Academic

Dr. Jennifer Drouin is a lawyer at Éducaloi where she creates legal information and educational tools in plain language to help increase access to justice. Her most recent academic appointments were teaching early modern literature in Concordia’s Department of English as well as co-teaching with Paul Yachnin the Shakespeare Moot Court course in McGill’s Faculty of Law (where she earned BCL and LLB degrees in civil law and common law).

Previously, Dr. Drouin was a tenured Associate Professor of English in the Hudson Strode Program at the University of Alabama where she taught Shakespeare and Renaissance drama until resigning in August 2017. Her monograph, Shakespeare in Québec: Nation, Gender, and Adaptation, was published in March 2014 by University of Toronto Press. In 2017-18, she was a Visiting Scholar affiliated with the McGill Institute for Gender, Sexuality, and Feminist Studies (IGSF). In 2015-16, she was a Visiting Professor in Études anglaises in the Département de littératures et langues du monde at Université de Montréal. In 2013, she was a Visiting Professor with the Groupe de recherche identités et cultures (GRIC) at Université du Havre in France. Before Alabama, she held a tenure-track position in English and Women’s Studies at Allegheny College. She completed her PhD in 2005 at McGill University where she then held a postdoctoral fellowship in Digital Humanities with the SSHRC-MCRI Making Publics project.

Dr. Drouin is currently working on a bilingual, open-access database and critical anthology entitled Shakespeare au/in Québec.

Academia.edu profile / Google Scholar profile

Book

Shakespeare in Québec: Nation, Gender, and Adaptation. Toronto: University of Toronto Press, 2014. 296 pp.

Edited Book

Shakespeare / Sex: Contemporary Readings in Gender and Sexuality. Ed. Jennifer Drouin. London: Bloomsbury, 2020.

Articles and Essays

Digital Humanities

Translations

Reviews

  • The Shakespeare’s Mine: Adapting Shakespeare in Anglophone Canada, ed. Ric Knowles and A Certain William: Adapting Shakespeare in Francophone Canada, ed. Leanore Lieblein.” alt.theatre 8.2 (January 2011): 36-38.

Selected Presentations

Membership in Scholarly Associations

Teaching

Faculty of Law, McGill University (2018-2019)

Department of English, Concordia University (2018-2019)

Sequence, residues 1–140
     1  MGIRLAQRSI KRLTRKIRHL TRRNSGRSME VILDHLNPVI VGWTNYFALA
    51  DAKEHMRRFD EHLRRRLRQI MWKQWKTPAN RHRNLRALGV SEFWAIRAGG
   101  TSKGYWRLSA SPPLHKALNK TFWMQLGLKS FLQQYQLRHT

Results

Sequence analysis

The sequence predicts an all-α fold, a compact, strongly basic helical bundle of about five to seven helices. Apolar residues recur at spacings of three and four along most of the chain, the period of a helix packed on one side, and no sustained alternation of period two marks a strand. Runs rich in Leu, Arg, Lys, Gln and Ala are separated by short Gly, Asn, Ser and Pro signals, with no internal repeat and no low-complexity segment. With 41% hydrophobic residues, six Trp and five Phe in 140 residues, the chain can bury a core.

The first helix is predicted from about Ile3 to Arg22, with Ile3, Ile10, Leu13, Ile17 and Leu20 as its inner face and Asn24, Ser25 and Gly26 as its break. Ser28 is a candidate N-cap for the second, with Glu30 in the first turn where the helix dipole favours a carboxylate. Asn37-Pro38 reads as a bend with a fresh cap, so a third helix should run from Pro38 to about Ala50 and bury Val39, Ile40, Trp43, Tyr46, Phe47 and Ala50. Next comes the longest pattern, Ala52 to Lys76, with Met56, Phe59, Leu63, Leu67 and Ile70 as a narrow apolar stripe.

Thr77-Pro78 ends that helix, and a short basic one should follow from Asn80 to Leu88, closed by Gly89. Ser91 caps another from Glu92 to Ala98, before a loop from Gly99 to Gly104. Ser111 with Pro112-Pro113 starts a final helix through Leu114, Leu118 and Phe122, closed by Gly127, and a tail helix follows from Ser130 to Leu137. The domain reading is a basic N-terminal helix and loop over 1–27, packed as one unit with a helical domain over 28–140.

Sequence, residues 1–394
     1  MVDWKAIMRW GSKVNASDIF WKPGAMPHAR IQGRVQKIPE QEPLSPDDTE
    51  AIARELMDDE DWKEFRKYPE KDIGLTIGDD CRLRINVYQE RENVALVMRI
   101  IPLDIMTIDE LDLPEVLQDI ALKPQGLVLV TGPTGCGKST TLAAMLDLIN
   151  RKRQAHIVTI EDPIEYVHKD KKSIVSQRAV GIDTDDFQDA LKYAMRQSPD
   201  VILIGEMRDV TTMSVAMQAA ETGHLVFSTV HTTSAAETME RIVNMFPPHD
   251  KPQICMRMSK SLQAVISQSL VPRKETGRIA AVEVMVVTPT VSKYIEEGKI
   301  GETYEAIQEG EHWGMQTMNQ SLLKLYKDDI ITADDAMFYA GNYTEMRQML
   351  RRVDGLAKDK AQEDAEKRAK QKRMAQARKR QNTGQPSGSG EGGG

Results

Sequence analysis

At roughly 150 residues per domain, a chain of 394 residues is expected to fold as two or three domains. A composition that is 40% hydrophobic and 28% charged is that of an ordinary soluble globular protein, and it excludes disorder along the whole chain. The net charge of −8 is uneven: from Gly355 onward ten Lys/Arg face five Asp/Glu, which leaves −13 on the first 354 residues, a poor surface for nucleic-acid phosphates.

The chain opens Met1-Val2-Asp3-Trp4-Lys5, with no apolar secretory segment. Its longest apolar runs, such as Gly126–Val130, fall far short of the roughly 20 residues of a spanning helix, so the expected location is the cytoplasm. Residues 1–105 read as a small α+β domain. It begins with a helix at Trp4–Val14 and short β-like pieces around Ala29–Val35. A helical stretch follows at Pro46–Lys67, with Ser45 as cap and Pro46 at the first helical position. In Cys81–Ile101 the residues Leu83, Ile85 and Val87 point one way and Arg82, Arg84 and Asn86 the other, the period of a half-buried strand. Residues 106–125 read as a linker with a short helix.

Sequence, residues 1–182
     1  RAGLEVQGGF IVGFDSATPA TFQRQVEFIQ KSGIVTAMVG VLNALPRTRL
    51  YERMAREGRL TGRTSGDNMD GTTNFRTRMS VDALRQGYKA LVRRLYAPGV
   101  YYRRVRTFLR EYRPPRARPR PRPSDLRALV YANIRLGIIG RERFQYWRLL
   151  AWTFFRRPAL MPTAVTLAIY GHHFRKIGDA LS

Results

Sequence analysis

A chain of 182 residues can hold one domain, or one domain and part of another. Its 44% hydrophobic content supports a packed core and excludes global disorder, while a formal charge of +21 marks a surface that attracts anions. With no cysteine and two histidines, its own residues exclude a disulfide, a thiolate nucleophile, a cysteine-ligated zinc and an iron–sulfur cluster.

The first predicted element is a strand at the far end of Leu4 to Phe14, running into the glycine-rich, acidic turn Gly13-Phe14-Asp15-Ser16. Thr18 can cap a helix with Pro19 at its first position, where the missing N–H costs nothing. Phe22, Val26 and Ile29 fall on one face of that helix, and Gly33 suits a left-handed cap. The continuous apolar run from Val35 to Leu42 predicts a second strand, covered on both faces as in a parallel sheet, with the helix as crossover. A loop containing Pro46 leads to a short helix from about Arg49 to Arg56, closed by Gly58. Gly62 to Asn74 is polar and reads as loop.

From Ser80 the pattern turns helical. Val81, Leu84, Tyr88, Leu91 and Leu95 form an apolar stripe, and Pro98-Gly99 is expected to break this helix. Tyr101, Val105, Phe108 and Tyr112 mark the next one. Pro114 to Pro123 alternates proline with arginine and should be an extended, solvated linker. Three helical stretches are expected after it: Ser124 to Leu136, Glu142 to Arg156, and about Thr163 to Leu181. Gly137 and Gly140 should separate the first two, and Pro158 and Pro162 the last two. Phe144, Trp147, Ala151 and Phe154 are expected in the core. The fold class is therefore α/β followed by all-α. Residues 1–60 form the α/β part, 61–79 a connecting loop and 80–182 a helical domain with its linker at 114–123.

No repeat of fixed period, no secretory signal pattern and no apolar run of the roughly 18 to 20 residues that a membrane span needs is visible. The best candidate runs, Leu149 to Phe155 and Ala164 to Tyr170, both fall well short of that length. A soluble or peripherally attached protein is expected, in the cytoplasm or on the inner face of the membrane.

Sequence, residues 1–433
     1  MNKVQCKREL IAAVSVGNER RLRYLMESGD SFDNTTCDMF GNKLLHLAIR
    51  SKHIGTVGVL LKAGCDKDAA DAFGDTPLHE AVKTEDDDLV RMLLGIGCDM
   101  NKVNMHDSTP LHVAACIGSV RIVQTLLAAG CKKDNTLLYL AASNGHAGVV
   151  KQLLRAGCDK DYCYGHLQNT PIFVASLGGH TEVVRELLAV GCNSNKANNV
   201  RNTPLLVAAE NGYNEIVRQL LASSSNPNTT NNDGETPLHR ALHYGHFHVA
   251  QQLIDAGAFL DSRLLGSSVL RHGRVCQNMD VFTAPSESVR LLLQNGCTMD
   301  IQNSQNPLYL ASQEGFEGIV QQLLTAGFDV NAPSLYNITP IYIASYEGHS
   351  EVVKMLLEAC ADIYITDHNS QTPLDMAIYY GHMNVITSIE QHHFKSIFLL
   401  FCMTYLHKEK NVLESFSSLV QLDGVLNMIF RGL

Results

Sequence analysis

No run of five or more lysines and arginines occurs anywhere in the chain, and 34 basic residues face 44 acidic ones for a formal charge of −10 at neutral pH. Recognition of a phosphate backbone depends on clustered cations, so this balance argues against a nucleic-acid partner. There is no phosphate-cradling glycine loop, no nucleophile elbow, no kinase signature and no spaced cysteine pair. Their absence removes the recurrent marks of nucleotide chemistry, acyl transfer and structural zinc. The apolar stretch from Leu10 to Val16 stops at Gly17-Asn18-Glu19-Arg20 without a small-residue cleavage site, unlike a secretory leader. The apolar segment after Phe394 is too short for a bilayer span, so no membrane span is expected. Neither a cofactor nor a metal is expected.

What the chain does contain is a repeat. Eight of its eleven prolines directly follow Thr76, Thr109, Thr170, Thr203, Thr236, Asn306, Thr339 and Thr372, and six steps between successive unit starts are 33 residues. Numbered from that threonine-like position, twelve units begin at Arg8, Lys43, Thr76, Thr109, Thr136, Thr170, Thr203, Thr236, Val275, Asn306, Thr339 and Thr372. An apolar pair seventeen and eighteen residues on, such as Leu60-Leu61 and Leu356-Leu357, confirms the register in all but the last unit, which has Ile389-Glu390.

• ENGL 311: 17th Century Prose and Poetry

Department of English, University of Alabama (2009-2017)

  • ENGL 205: English Literature I: Beowulf to Swift (online)
  • ENGL 215: Honors English Literature I: Beowulf to Swift
  • ENGL 333: Shakespeare
  • ENGL 311/411: Queer Literature from Sappho to Today
  • ENGL 433: King Lear: Sources and Adaptations
  • ENGL 433: Gender and Sexuality in Renaissance Drama
  • ENGL 500: Digital Humanities (MA & PhD)
  • ENGL 665: King Lear: Sources and Adaptations (MA & PhD)
  • ENGL 666: Gender and Sexuality in Renaissance Drama (MA & PhD)
  • ENGL 666: Shakespeare’s “Comedies” (MA & PhD)

Worcester College, UA @ Oxford (2015)

  • ENGL 333: Uncomfortable Shakespeare: Race and Religion on the Contemporary Stage

English & Women’s Studies, Allegheny College (2008-2009)

  • ENGL 212: Shakespeare
  • ENGL 425: Gender and Sexuality in Renaissance Drama
  • WS 100: Introduction to Women’s Studies
  • WS 200: Feminist Theory and Methods

Department of English, McGill University (2002-2005)

  • ENGL 202: Departmental Survey of English Literature I: Beowulf to Swift (as TA)
  • ENGL 215: Introduction to Shakespeare
  • ENGL 305: Renaissance English Literature I: Representations of Same-Sex Desire (as TA)
  • ENGL 315: Shakespearean Animalities (as TA)

Department of English, Acadia University (2000-2001)

  • ENGL 1306: Composition for Second-Language Students

Études anglaises, Université Sainte-Anne (2000-2001)

  • ANGL 2703: Postcolonial Literature I: Africa and India
  • ANLS 1453: Writing Practice
  • ANLS 1443: English Composition
  • ANLS 1433: ESL Level IV